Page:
Kang and Brooks recently published a epidemiological study on the geographic distribution of scorpion envenomations in the USA in 2010-2015. Most cases were reported from Arizona (57 168), where the infamous Arizona Bark Scorpion (Centruroides sculpturatus Ewing, 1928) is medical important species. Eight other US states also had scorpion envenomations (ranging from 9659 to 906 cases).

Health consequences of scorpion envenomations are also discussed.

Objectives. To determine the geographic distribution of scorpion envenomations in the United States by zip code, with particular attention to the neurotoxic Centruroides sculpturatus (Arizona bark scorpion), for which an antivenom is available.
Methods. We obtained scorpion exposure cases for 2010 to 2015 from the National Poison Data System. Using geographic information systems software, we mapped total exposures and incidence rates for 9 states that reported more than 100 annual calls. We also mapped cases that reported fasciculations and nystagmus (unique to C. sculpturatus among native scorpions).
Results. The highest exposure incidences occurred in Phoenix (up to 677 per 100 000 population) and Tucson (584), both in Arizona. Elsewhere, high incidences were found in El Paso, Texas (213); Oklahoma City (209) and Tulsa (178), Oklahoma; and Las Vegas, Nevada (170). Fasciculations and nystagmus were reported in Arizona and southeastern Nevada, with small numbers in surrounding states, including Utah.
Conclusions. Scorpion exposures occurred at baseline rates throughout many of the southern states, whereas several states reported effects indicative of Arizona bark scorpion envenomation.

Kang AM, Brooks DE. Geographic Distribution of Scorpion Exposures in the United States, 2010-2015. Am J Public Health. 2017;107(12):1958-63. [Subscription required for full text]

03 November, 2017

Scorpion envenomations in southeastern Ecuador

Juan Roman and co-workers have studied scorpion envenomations in rural locations in the Amazonian province of Morona Santiago, southeastern Ecuador. The severity of scorpion stings in this region is reported and the conclusion is that scorpions are a public health problem, especially for young children.

A phylogenetic analysis of the scorpions involved in serious cases were conducted and revealed that these were caused by a species in the Tityus obscurus group (Buthidae). This group contains species responsible for severe envenomations in other areas of the Amazonian Basin. The Ecuadorian species involved is unknown, and will be described as a new species in a future publication.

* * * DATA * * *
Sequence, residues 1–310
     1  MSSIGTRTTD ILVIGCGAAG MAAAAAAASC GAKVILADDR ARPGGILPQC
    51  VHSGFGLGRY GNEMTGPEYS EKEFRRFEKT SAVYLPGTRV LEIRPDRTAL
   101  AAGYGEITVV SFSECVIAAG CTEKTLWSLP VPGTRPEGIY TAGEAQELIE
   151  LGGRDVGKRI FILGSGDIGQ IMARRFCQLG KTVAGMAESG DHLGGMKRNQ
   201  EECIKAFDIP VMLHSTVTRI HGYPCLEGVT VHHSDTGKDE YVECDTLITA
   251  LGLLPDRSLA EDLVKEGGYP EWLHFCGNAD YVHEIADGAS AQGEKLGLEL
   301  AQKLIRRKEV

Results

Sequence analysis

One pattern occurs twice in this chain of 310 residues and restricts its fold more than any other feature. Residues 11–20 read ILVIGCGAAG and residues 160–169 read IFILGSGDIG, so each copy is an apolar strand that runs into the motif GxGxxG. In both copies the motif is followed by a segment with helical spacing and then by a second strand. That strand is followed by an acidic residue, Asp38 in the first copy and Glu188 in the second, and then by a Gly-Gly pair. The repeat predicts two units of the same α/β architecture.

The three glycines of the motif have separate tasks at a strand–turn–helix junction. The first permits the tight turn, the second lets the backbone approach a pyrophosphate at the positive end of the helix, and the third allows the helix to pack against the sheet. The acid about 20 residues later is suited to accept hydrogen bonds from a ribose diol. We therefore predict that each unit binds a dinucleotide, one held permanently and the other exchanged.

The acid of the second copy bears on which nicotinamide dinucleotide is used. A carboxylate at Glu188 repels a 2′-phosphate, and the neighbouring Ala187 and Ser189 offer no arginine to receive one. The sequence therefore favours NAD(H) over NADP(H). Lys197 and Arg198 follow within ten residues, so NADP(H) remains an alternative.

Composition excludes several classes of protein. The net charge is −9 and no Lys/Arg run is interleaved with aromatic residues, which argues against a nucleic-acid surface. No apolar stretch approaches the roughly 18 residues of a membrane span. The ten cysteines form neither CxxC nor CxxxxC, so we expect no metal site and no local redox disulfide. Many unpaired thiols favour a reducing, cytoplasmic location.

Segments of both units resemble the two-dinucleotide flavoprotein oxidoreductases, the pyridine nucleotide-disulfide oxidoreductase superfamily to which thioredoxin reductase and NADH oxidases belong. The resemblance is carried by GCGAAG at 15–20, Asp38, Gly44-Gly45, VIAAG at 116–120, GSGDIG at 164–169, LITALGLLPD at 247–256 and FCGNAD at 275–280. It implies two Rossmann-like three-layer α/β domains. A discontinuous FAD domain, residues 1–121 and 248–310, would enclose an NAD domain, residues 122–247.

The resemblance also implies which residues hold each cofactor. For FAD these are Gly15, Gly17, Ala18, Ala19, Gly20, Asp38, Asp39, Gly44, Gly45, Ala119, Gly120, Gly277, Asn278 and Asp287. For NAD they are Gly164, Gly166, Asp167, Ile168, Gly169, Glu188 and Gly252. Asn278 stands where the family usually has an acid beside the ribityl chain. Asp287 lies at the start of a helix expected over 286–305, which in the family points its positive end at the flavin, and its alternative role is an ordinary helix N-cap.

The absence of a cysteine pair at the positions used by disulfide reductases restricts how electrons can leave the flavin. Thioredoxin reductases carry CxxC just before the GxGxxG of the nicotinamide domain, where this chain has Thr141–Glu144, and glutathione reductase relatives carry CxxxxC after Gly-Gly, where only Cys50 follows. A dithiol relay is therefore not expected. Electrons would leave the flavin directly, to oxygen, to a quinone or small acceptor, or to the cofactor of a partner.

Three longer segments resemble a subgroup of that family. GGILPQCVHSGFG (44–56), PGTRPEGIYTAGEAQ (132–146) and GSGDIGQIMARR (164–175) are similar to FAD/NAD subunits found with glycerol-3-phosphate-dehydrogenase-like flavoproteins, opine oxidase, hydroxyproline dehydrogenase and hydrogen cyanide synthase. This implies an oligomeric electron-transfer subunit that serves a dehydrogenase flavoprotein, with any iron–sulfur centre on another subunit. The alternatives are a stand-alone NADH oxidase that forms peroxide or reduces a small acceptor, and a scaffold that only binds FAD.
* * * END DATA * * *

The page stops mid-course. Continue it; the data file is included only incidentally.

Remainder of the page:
Scorpion envenoming by species in the genus Tityus is hereby reported from rural locations in the Amazonian province of Morona Santiago, southeastern Ecuador. Twenty envenoming cases (18 patients under 15 years of age) including one death (a 4-year-old male) were recorded at the Macas General Hospital, Morona Santiago, between January 2015 and December 2016 from the counties of Taisha (n =17), Huamboyo (n= 1), Palora (n =1), and Logroño (n =1). An additional fatality from 2014 (a 3-year-old female from Nayantza, Taisha county) is also reported. Leukocytosis and low serum potassium levels were detected in most patients. We observed a significant negative correlation between leukocytosis and hypokalemia. Scorpions involved in three accidents from Macuma, Taisha County, were identified as genetically related to Tityus obscurus from the Brazilian Amazonian region based on comparison of mitochondrial DNA sequences encoding cytochrome oxidase subunit I. These cases, along with previously reported envenoming from northern Manabí, reinforce the notion that scorpionism is a health hazard for children in Ecuador and emphasizes the need to supply effective antivenoms against local species, which are not currently available. The genetic affinity of the Ecuadorian specimens with T. obscurus may underlay toxinological, clinical, and venom antigenic relationships among Amazonian scorpions that deserves further exploration for designing therapeutic strategies to treat scorpionism in the region.

Roman JP, Garcia F, Medina D, Vasquez M, Garcia J, Graham MR, et al. Scorpion envenoming in Morona Santiago, Amazonian Ecuador: Molecular phylogenetics confirms involvement of the Tityus obscurus group. Acta Trop. 2017;178:1-9. [Subscription required for full text]

Thanks to Adolfo Borges and Matthew Graham for both sending me their article!